The Sheraton Park Hotel and its Woodley Park neighbors have been ordered back to the bargaining table by the D.C. Board of Zoning Adjustment.

BZA chairman Leonard McCans told both sides to try again to reach a compromise on the number of parking spaces the hotel -- which houses the largest convention complex in the city -- should provide and to report back to the board on Feb. 27.

The original hotel was built in 1918 by Harry Wardman, who also developed the surrounding Woodley Park neighborhood.

The hotel has sicne been taken over by the ITT -- Sheraton Corporation and has booked an increasing number of conventions. Last year, Sheraton began demolishing the old hotel and replacing it with a facility with twice as much convention and exhibit space.

Under a decision made by the city's zoning board lenging in hearings before the zoning board, the hotel was required to provide 579 parking spaces. That decision is being challenged in hearings before the zoning board by a task force of Woodley Park citizens. The hotel has 1,366 rooms and suites and 167,000 square feet of exhibit and meeting space.

The citizens group claim that the hotel frequently hosts meetings attended by people who are not hotel guests and should therefore have about 1,200 spaces.

The task force also contends the Sheraton Park is now a commercial convention center which, according to hotel brochures, can accomodate more than 35,000 people at once at meetings and dinners. Because it is a convention center, the hotel should not be permitted in a residential zone, the task force contends.

Because the hotel's parking facilities are inadequate, according to neighbors, people who attend hotel functions clog neighborhood streets and block alleys and driveways. Moreover, the hotel's neighbors claim that Sheraton officials, in announcing plans for the rebuilding of the hotel in 1976, said there would be parking for about 900 cars.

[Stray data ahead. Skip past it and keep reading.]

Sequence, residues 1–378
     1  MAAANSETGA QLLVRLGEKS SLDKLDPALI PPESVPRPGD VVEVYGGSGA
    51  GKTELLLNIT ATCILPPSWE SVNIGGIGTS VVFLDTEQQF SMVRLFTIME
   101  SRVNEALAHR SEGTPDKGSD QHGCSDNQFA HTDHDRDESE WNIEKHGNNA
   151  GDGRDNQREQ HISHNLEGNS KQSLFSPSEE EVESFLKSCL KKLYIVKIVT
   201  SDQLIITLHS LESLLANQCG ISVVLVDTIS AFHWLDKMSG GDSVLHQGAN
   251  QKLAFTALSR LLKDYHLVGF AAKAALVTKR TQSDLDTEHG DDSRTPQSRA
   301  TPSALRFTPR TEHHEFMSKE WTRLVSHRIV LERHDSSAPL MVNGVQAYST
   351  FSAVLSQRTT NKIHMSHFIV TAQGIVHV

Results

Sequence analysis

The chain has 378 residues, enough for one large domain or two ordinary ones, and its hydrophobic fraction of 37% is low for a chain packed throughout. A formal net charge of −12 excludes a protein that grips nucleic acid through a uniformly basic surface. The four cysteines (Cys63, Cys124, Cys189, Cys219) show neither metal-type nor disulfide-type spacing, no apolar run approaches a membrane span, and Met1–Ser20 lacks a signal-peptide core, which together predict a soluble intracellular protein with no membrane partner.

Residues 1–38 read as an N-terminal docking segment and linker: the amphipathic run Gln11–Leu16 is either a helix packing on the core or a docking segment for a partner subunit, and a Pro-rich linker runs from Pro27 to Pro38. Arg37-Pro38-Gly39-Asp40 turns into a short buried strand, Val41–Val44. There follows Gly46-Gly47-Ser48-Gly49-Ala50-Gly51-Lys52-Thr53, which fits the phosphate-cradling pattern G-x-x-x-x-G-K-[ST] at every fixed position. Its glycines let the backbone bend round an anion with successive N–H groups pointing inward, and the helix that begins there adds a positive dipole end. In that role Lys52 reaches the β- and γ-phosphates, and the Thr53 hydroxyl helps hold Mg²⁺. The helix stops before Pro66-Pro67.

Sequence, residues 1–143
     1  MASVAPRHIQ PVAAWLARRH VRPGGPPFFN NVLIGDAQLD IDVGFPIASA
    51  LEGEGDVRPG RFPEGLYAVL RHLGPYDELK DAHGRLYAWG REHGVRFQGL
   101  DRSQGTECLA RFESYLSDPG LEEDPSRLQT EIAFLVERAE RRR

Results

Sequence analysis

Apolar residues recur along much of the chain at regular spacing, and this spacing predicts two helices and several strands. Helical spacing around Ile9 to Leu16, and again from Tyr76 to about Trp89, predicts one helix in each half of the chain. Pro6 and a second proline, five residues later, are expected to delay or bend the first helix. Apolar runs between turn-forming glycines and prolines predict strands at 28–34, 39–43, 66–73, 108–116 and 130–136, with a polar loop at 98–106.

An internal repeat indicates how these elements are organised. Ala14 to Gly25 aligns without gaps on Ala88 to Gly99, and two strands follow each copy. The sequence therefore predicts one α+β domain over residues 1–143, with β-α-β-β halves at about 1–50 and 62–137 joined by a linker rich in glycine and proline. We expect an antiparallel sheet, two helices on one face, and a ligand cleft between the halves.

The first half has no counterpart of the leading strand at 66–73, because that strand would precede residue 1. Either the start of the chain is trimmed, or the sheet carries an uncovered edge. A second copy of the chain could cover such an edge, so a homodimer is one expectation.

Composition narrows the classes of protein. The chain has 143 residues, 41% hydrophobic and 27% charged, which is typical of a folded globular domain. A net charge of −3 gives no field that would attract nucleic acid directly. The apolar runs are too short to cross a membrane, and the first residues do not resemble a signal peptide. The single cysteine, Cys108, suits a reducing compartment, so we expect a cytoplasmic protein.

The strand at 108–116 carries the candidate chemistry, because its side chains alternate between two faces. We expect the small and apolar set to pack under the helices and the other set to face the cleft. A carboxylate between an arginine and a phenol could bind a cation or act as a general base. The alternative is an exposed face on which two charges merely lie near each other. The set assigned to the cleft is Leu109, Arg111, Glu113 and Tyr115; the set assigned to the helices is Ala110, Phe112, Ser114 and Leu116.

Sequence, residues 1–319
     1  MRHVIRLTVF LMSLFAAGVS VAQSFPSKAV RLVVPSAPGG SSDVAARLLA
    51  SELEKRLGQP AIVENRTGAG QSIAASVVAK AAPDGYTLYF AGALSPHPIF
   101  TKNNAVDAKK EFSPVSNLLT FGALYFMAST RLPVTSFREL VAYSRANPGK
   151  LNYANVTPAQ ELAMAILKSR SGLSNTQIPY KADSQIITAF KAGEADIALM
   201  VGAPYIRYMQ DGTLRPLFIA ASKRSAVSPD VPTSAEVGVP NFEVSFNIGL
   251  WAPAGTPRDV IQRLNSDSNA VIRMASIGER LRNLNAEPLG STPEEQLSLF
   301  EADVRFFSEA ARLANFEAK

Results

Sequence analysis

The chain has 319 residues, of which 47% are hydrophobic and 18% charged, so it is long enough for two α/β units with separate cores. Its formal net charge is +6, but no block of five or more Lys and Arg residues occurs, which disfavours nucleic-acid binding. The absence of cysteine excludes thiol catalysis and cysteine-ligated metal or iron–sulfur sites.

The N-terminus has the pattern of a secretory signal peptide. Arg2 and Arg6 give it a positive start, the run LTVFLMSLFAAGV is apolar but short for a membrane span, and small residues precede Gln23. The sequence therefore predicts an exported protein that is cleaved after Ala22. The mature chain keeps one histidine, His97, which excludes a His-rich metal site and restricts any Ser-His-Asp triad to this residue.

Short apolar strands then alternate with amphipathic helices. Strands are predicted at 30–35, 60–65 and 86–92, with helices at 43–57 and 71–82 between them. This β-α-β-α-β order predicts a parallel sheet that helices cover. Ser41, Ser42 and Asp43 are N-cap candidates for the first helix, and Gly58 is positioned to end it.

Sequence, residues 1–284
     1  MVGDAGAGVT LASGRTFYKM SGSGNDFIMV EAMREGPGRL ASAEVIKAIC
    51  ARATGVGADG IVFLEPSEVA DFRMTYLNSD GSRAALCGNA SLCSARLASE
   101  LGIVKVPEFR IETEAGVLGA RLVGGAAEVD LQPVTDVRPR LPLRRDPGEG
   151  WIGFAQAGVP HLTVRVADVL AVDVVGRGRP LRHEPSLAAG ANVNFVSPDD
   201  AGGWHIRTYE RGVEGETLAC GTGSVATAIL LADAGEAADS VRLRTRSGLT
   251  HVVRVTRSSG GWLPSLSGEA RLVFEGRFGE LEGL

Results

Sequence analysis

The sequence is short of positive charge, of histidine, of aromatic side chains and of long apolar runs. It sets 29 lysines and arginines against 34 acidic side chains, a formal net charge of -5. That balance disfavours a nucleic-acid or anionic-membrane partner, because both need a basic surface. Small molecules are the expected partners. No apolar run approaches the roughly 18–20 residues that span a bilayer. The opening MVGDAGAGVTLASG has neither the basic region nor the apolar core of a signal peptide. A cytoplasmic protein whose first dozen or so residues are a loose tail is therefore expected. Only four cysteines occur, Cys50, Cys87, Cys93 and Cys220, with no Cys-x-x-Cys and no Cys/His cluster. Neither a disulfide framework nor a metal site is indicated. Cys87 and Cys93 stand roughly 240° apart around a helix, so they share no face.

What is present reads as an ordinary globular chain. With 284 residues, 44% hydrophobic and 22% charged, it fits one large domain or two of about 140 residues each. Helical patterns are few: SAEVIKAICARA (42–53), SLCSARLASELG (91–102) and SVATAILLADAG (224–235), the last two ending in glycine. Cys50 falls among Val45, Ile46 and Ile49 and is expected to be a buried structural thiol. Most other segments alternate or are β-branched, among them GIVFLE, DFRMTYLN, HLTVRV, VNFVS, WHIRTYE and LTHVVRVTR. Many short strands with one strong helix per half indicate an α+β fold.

Whayne Quin, attorney for the hotel, said that by rearranging spaces in the parking garage, the hotel would provide 700 spaces. He added that if the BZA gave permission for some spaces smaller than regulation size, and for valet and stack parking arrangemens at certain times, the number could be raised to almost 800.

William H. Carroll, chairman of the community task force that has been negotiating with the hotel since 1976, called the hotel's offer "much too low.

"They recently had the photography show and the Touchdown Club dinner at the hotel on the same day," Carroll said in an interview. "There were 2,500 people in the ballroom and all of them drove -- and parked on our streets.

On these and other grounds, the community is appealing the city's decision to grant a building permit for the reconstruction of the hotel in a resdential neighborhood. But community leaders say they don't want the city to tear down the new $50 million hotel, which is now 90 percent completed.

"One doesn't tear down a volcano once it's erupted," said the community's lawyer, Jack Heller. "You try to conain the damage."

Quin asked the board to dismiss the citizen's appeal on the grounds that it was not filed until after Sheraton had begun construction and spent millions of dollars.

Task force leaders countered that they did not want to take legal action until they were convinced no compromise was possible. Carroll said the community lost faith in reaching a compromise last summer when the hotel showed plans that called for only 750 parking spaces -- more than 100 of them on the hotel's front lawn, in spite of an earlier representation that the park-like atmosphere of the old Sheraton would be retained.

"They could solve their problem and our problem by building a new parking garage," said Woodley park resident Lucille Buchanan. "They have room for one next to the ballroom. They say they haven't got the money, but then they hire the most expensive lawyer in town."

Quin said a new parking garage would cost about $3 million and represent a net gain of only about 40 spaces.

Carroll said the task force would continue negotiating with the hotel in good faith but called the BZA's action "very disappointing.

"The building permit was clearly issued in violation of the regulations," said Carroll, adding that the community would press its appeal to have the building permit revoked if no compromise is reached by Feb. 27.